Little did I know that today I would be moved to write a second blog on celebrity loss. Earlier in the day I penned an article on the tragic deaths of Robin Williams and Philip Seymour Hoffman, only to read hours later on my iPhone that legendary actress Lauren Bacall died. Like so many, I was stunned and in a state of numbness upon hearing of Robin Williams' death -- his passing seemed unbelievable. Lauren Bacall is a beloved icon, and yet my response to news of her death at the age of 89 was drastically dissimilar to my grief for Mr. Williams and Hoffman who were decades younger when they died.
In the news coverage following Bacall's death I was relieved to see that she was truly honored, rather than the status quo inundation of "shock and awe" following a celebrity's death. Hearing about her death brought sadness for the loss of a person who had truly lived a full life. I believe that her death gives us, both personally and as a culture, the opportunity to deal with grief and loss, and especially the rhythm of the life cycle. We can truly celebrate her life and all of her accomplishments. Hers was a life well lived. She wrote not one but two memoirs -- Robin Williams and Philip Seymour Hoffman were still living out their adventures at the times of their deaths. Ms. Bacall's life narrative had a rich beginning, middle and end, whereas Williams and Hoffman seemed to leave the stage mid-scene with so much more story to tell. That being said, I also feel that a death at any stage within the life cycle should not be minimized. Losing a loved one, no matter his or her age, or yours, is devastating and not to be trivialized.
In the recent deaths of Philip Seymour Hoffman and Robin Williams, the media's attention has focused on their surviving children. In Mr. Williams's case, his daughter was so cruelly harassed she stopped using social media, and much has been made of Mr. Hoffman's will and provisions for his children. Bacall had three children and several grandchildren who will deeply grieve her loss. The number one search on our website, www.opentohope.com, is for those seeking help following death of a parent. The death of a mother or father is devastating no matter when the loss occurs in the life cycle. Below are five tips for dealing with the loss of an elderly loved one.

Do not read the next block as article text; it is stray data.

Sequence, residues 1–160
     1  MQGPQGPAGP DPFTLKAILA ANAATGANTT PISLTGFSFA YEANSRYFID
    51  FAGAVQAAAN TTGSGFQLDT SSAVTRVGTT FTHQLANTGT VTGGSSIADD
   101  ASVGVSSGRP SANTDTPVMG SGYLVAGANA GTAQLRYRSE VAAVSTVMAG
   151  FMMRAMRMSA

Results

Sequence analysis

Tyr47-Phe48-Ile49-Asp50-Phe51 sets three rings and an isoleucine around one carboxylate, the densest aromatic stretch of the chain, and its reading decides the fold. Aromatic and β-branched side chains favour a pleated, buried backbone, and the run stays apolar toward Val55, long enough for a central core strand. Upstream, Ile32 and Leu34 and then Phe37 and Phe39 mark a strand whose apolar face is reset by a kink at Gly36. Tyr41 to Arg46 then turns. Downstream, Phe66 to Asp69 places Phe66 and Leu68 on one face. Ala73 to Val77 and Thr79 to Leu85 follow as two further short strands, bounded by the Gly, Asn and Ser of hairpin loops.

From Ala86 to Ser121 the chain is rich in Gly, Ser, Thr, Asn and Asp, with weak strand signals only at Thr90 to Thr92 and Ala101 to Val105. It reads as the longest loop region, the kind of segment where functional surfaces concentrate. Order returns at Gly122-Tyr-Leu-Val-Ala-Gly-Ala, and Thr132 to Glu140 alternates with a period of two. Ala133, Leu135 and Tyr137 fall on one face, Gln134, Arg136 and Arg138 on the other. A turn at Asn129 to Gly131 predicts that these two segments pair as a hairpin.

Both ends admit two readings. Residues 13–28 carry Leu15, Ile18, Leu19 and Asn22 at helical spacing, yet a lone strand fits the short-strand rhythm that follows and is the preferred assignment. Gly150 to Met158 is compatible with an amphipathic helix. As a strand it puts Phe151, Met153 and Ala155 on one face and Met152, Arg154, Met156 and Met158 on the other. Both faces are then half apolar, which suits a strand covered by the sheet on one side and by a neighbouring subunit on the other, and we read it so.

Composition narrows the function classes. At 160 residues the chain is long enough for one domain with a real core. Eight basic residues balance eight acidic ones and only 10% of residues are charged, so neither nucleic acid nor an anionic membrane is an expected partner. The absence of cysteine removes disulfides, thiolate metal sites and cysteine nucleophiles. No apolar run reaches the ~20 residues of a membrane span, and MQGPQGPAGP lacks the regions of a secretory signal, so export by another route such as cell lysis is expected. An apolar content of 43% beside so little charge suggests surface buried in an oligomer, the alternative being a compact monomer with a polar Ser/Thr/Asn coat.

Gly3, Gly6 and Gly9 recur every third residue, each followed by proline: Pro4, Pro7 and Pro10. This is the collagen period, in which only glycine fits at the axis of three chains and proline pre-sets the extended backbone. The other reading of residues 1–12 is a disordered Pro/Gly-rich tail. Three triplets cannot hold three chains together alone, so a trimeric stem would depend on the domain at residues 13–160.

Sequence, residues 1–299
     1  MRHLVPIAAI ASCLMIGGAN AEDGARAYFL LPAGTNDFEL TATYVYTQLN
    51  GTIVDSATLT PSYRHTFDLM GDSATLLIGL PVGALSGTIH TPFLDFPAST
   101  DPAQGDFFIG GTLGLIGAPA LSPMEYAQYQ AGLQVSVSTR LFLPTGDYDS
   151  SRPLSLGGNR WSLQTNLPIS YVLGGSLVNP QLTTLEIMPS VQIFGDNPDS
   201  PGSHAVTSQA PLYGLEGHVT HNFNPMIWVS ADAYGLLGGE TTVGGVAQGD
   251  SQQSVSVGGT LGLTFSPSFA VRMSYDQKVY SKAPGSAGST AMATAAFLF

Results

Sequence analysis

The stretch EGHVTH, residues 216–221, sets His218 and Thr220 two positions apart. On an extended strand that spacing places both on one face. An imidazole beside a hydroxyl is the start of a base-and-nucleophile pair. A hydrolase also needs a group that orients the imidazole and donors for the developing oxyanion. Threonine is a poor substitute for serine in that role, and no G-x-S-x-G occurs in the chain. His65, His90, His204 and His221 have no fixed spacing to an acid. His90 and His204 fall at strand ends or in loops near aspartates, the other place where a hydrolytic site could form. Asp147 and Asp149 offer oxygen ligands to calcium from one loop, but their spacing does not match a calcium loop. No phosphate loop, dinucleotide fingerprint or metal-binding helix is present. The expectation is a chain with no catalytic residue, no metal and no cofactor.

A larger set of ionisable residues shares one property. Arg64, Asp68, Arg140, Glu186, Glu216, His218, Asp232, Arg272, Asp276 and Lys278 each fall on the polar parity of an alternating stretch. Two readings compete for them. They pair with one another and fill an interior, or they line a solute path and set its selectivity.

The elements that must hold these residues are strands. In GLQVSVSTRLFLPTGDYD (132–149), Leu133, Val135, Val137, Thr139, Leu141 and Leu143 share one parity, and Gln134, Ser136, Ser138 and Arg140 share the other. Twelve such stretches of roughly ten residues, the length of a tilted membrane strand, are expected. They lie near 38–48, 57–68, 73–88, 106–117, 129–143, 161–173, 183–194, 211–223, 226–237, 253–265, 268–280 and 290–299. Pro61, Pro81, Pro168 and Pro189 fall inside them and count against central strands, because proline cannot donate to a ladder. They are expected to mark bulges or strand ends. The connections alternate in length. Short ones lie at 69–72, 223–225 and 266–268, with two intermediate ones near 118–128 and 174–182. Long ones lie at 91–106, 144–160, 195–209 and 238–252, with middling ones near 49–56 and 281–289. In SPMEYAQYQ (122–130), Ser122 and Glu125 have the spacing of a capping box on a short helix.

- Don't minimize your loss. The loss of an elder can leave a big hole in your and your children's hearts.
- Be aware of the impact of the death even though it was a long, well-lived life. Remember that some family members may find the death shocking, sudden and staggering regardless of the age of the deceased, and honor their reality -- there is no "right" way to mourn.
- Journaling about your loved one's life can be helpful. What were the turning points in his life story? Which accomplishments was she most proud of?
- Sharing memories with others is key. You can record memories for personal use later. Don't worry if your emotions are raw, or about the quality of the recording. As time goes by these memories will become even more precious.
- With high-profile family members you might want to select a family member or friend to represent the family to the press. In commenting about the deaths of celebrities on-line, remember that each person is someone's irreplaceable mother, father, son, daughter, husband or wife.
Loss leaves a hole in our hearts at any age. In the case of a death from natural causes, particularly if the loved one was elderly, emotions may vary through the family. Take care to be compassionate with each other and not judge other family members' reactions to a death. A person who has spent several years as a caretaker may feel guiltily relieved that the loved one's suffering has ended, while a young grandchild may feel shocked by the abrupt disappearance of a beloved and vital figure in her life. Make it a habit at family gatherings to mention your deceased loved one, to share stories and talk about what was important to him or her. There are so many beautiful lessons to be learned from a life well lived.